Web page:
Aqueous Secondary Organic Aerosol Formation and Transformation by Nitrate-Mediated Photooxidation
DescriptionAerosol pollution is a major concern to policymakers worldwide due to their adverse effects on air quality, climate, and health. Organic aerosols comprise a large mass fraction of submicron aerosols. Secondary organic aerosols (SOA) usually dominate the organic aerosol mass. Aqueous-phase chemistry of organic species in atmospheric aqueous phases (e.g., clouds, fog, aerosol water) plays an important, albeit still poorly understood, role in SOA formation and transformation. Inorganic nitrate is a ubiquitous component of aerosols, clouds and fog. Inorganic nitrate photolysis in aqueous phases produces ·OH radicals and a variety of reactive nitrogen species that can participate in reactions to form and transform aqueous SOA. Studies have shown that changes in climate and emissions will increase inorganic nitrate mass concentrations in clouds, fog, and aerosols globally. This will lead to nitrate-mediated photooxidation of organic species in atmospheric aqueous phases playing an increasingly important role in SOA formation and transformation.This proposal aims to provide new scientific insights into how nitrate-mediated photooxidation of organic species in aqueous phases can drive SOA formation and transformation. The first part of the proposal investigates SOA formation from aqueous-phase nitrate-mediated photooxidation of selected anthropogenic and biogenic SOA precursors. Phenolic compounds are chosen as anthropogenic SOA precursors because they are found in significant concentrations with inorganic nitrate in areas impacted by anthropogenic emissions. Terpenoic acids are chosen as biogenic SOA precursors because they are well-known oxidation products of monoterpenes, which are major contributors of biogenic SOA globally. The second part of the proposal investigates how aqueous-phase nitrate-mediated photooxidation transforms the water-soluble fraction of SOA formed from gas-phase VOC oxidation. Toluene and α-pinene will be used to generate representative anthropogenic and biogenic SOA via gasphase oxidation. Aqueous photooxidation experiments simulating nitrate-mediated SOA formation and transformation processes in atmospheric aqueous phases will be conducted. We will use different analytical techniques, including liquid chromatography-mass spectrometry to identify and quantify aqueous SOA components and oxidation products, UV-Visible spectroscopy to measure the evolution of SOA light absorption properties, and water-soluble organic carbon analysis to quantify aqueous SOA mass yields. The successful implementation of this proposal will fill critical knowledge gaps on the nitrate-mediated photooxidation of organic species in aqueous phases. Outputs of this proposal include measured reaction rate constants, kinetics, lifetimes, and mechanisms, which are useful inputs for atmospheric models used to predict aqueous SOA formation and transformation in areas with substantial inorganic nitrate concentrations in clouds, fog, and aerosols.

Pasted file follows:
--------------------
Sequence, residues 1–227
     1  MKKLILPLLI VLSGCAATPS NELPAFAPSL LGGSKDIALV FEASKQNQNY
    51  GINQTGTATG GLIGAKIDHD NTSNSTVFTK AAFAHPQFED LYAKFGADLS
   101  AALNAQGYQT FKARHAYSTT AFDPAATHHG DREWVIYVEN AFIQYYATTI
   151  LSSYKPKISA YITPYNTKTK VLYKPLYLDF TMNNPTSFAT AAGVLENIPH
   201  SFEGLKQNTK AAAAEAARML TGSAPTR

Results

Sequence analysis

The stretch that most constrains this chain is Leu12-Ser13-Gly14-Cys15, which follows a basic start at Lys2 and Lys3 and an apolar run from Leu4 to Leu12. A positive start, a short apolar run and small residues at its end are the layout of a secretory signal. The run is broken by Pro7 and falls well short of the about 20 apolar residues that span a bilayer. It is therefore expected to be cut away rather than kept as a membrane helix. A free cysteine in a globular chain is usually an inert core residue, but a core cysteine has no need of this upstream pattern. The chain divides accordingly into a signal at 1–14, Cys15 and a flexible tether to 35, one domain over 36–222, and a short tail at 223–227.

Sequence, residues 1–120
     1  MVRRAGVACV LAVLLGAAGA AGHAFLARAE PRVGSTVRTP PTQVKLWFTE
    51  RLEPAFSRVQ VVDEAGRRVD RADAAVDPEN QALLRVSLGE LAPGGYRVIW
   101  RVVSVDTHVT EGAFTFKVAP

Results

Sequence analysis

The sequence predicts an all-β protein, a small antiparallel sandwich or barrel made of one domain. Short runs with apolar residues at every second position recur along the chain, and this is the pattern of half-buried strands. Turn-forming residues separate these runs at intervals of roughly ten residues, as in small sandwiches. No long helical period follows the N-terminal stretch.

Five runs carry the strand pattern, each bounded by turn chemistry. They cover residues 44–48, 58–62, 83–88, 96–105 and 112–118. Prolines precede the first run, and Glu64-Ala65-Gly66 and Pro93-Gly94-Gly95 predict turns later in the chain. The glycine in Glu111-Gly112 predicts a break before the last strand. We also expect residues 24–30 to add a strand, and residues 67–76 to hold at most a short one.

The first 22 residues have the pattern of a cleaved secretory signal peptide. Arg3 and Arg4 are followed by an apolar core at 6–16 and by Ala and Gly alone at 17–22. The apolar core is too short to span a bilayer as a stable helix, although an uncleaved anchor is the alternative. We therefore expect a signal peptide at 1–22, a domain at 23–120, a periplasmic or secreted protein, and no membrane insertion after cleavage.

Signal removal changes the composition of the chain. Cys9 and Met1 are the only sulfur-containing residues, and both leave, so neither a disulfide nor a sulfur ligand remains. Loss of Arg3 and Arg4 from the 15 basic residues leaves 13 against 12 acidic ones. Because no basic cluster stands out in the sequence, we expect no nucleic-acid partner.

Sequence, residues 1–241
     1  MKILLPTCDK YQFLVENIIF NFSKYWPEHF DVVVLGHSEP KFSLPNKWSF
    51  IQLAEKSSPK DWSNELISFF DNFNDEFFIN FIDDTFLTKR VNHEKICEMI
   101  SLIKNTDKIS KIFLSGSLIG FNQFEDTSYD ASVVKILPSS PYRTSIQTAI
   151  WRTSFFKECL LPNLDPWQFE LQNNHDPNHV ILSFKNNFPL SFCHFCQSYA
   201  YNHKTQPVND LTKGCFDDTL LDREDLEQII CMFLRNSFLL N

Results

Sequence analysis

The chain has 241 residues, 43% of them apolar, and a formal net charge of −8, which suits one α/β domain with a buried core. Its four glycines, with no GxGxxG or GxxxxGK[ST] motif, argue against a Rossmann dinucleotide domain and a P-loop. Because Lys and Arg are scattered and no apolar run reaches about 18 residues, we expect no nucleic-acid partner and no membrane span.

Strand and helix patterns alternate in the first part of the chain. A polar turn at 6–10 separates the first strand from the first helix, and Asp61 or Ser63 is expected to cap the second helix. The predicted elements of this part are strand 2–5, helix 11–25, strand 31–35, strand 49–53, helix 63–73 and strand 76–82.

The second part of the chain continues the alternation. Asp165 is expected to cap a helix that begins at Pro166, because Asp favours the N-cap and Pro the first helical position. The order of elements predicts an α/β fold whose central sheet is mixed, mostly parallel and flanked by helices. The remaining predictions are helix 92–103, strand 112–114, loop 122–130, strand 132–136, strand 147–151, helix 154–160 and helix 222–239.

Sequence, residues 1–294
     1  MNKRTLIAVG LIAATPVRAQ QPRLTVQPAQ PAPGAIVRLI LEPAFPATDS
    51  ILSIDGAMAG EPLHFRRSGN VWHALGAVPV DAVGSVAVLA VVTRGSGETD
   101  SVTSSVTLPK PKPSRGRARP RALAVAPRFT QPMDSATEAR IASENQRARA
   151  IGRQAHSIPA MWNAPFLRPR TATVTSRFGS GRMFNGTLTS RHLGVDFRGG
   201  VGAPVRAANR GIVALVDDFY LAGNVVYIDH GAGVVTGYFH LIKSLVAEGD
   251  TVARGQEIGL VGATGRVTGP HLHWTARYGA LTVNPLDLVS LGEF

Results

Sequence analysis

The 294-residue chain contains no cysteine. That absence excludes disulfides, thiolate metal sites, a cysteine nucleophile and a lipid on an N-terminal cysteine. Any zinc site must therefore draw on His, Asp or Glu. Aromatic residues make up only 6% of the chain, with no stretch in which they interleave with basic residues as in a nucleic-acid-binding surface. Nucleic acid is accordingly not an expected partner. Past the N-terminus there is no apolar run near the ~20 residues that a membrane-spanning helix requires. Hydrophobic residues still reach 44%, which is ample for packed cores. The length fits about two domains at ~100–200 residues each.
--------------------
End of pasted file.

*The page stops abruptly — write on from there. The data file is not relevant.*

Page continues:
|Effective start/end date||1/11/21 → …|